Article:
background preloader

Home Page

Home Page
Related:  Art Websites

Principia Discordia | the book of Chaos, Discord and Confusion | Fnord! Yé-yé Yé-yé (French pronunciation: ​[jeje]) was a style of pop music that emerged from France, Italy and Spain in the early 1960s. The term "yé-yé" derived from "yeah! yeah!", popularized by British Beat music bands.[1] The style expanded worldwide, due to the success of figures such as the French singer-songwriter Serge Gainsbourg.[2] History[edit] Salut les copains[edit] Yé-yé girl[edit] Yé-yé music was a mostly European phenomenon and usually featured young female singers. The yé-yé songs had innocent themes such as Françoise Hardy's "Tous les garçons et les filles" ("All the guys and girls my age know how it feels to be happy, but I am lonely. The singers were also sexy in a deliberately naïve way. Among the yé-yé girls, Sylvie Vartan played the glamorous one. In 1967, the teen yé-yé singer Jacqueline Taïeb won the Best Newcomer award in Cannes at the Midem awards for her contribution of the hit single "7 heures du matin". Yé-yé boys[edit] Cultural references[edit] See also[edit]

main : SHANNON TAGGART Magazine "To hell with the new." So begins the newest issue of Plazm, the Pacific Northwest's premier art, culture, and design magazine. Plazm's largest issue ever clocks in at 160 pages of photography, art, and interviews featuring Yoko Ono, Art Chantry, Sue Coe, Storm Tharp, Todd Haynes, and JD Samson (formerly of Le Tigre), among many others. A release party is set for September 26 at the Ace Hotel in Portland with bands, DJ's, and an "End of War" art exhibit. Plazm #29 delves into our culture's collective memory, from a collectible poster of Portland's DIY music history to previously unpublished photographs of Elvis Presley and Marilyn Monroe, unearthed by Thomas Robinson. Current life in Iraq, in the States, and in Portland are represented in photography by unembedded photographers, Robbie McLaren, and Daniel Peterson.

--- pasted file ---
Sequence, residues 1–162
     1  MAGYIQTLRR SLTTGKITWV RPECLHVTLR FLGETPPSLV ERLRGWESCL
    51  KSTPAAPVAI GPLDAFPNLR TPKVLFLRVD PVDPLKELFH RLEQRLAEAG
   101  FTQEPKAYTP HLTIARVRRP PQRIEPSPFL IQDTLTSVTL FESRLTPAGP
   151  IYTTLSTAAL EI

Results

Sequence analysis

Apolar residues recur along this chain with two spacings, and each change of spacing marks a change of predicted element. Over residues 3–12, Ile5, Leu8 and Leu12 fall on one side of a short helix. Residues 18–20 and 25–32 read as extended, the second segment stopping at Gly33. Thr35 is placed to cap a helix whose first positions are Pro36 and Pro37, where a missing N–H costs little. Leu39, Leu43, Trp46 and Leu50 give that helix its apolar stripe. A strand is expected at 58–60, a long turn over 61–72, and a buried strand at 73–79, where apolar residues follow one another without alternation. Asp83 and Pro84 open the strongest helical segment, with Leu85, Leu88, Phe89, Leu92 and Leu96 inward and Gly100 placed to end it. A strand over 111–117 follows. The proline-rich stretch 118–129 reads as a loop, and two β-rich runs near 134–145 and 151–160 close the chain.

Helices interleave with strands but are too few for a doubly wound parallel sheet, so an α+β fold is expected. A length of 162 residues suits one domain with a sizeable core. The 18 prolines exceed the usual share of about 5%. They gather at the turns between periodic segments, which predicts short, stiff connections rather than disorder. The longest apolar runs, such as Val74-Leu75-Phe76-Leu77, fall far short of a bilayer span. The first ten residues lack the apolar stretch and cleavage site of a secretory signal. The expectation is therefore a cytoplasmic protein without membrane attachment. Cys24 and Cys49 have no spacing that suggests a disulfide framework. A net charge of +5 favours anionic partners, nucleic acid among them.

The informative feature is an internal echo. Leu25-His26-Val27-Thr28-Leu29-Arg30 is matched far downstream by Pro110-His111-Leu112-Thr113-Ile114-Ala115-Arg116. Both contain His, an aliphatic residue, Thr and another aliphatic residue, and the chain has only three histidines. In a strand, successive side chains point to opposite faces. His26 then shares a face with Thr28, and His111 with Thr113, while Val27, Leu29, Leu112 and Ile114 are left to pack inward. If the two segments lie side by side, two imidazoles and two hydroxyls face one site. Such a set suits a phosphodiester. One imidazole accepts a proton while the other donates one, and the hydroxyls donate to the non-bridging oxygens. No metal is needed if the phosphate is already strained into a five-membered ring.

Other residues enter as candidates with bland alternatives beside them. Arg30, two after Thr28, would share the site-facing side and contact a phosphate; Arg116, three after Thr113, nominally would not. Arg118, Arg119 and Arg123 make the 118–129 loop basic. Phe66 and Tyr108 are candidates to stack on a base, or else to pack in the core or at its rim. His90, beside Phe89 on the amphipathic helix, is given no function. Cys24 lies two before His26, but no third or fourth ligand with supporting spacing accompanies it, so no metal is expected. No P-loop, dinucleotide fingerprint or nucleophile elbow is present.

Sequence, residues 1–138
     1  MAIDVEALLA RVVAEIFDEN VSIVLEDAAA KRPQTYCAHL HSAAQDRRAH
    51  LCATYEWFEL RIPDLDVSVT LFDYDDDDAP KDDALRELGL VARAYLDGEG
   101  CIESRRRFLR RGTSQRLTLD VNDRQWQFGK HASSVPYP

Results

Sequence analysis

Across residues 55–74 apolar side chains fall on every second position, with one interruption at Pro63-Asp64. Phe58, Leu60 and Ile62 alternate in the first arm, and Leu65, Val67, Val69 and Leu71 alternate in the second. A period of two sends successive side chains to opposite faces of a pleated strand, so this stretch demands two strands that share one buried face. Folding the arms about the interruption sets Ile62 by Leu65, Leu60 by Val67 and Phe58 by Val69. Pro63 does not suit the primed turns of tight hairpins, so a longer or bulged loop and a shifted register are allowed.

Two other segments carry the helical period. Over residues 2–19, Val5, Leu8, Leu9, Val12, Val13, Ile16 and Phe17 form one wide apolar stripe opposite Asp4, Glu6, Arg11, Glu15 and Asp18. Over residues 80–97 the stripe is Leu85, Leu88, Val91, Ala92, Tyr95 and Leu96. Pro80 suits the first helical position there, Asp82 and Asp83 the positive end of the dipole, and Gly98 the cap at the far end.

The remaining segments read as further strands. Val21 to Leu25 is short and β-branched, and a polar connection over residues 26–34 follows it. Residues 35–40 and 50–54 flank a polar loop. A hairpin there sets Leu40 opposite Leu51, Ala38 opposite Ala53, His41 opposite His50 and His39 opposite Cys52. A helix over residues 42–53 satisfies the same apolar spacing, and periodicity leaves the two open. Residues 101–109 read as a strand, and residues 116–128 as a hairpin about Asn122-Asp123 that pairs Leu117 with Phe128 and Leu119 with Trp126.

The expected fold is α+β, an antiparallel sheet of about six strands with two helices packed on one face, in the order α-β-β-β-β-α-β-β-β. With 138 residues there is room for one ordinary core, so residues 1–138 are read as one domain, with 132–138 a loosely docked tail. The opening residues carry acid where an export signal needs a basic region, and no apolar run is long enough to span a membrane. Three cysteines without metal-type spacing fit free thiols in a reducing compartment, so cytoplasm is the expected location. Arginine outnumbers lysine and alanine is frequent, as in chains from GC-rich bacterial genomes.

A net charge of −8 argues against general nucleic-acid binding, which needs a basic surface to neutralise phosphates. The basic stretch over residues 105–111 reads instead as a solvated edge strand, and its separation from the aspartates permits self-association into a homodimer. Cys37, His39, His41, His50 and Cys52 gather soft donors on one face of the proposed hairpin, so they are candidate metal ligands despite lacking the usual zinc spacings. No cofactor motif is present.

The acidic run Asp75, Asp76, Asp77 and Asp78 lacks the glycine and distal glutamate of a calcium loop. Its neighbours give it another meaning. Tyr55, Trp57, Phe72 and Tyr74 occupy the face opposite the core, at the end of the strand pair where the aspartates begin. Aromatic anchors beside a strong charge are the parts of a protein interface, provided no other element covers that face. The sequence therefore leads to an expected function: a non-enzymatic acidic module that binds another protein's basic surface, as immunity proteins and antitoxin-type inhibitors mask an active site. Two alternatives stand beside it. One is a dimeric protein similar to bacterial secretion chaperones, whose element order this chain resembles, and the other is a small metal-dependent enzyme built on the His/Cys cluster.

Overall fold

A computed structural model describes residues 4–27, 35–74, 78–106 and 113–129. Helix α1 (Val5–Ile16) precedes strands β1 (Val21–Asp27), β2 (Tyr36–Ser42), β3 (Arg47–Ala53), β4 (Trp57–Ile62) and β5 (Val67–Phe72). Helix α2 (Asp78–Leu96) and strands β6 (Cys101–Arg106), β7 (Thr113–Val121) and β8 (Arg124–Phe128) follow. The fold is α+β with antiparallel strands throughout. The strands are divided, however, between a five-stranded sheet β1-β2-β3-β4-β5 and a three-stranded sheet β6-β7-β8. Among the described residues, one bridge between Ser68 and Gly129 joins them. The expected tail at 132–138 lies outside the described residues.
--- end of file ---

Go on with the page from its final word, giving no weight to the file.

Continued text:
wearepicta.com The Situationist Absurdist Video Art The Game Design of Art "Anything can be art. Even a can of Campbell's soup." So admitted Roger Ebert , world-famous movie reviewer and notorious videogame detractor, back in July of 2007. However, continued Ebert, videogames will never be "high art." Ebert has held fast to his "games cannot be art" position for two and a half years, braving an e-firestorm of responses from passionate game fans. Many of Ebert's opponents have unwittingly invoked a fragment of Ebert's argument in defense of games: Anything can be art, therefore games are art. Of course, these game proponents don't state their position so baldly; instead, they point to cultural products that have no utilitarian value for survival. This "utilitarian test" is a nice thought experiment, but it ends up derailing the debate about games. Let's face it: Games, in general, suck. Ebert is right, at least so far.

i like it. what is it? ARCHIPELAGO CINEMA Wednesday, March 28, 2012 Redefining the outdoor cinema, is architect Ole Scheeren. His vision was to build a giant floating cinematic auditorium, where? Not in a parking lot, not on top a fancy building, not on the roof of a pub, but in the oceanic setting of Yao Noi, Thailand. The thought of watching films here seemed surprising: A screen, nestled somewhere between the rocks. Ole Scheeren, 2012 Would like to go here. Floating Auditorium by Ole ScheerenFilm on the Rocks Yao Noi, 2012 Curated by Tilda Swinton and Apichatpong Weerasethakul Via Deleteyourself The Gombrich Archive Jason Rohrer Currently parenting and making video games in Davis, California. [worklog] [release log] [support my work] Want to know when I release something? One Hour One Life-- my twelfth game. Cordial Minuet-- my eleventh game. The Castle Doctrine-- my tenth game. Diamond Trust of London-- my ninth game. Inside a Star-filled Sky-- my eighth game. Sleep Is Death-- my seventh game. Primrose-- my sixth game. Between-- my fifth game, about consciousness and isolation. Gravitation-- my fourth game, about mania, melancholia, and the creative process. Passage-- my third game, shown at Kokoromi's curated GAMMA 256 event (at MIGS 2007). Cultivation-- my second game, a social simulation about a community of gardeners that explores the balance between conflict and compromise (no shooting, but plenty of angry looks). Transcend-- my first game, an abstract 2D shooting game that doubles as a multimedia sculpture. Arthouse Games-- my artgame journalism site, featuring news, reviews, and interviews. Fiction Non-Fiction

Related:  sam.scanexpozeart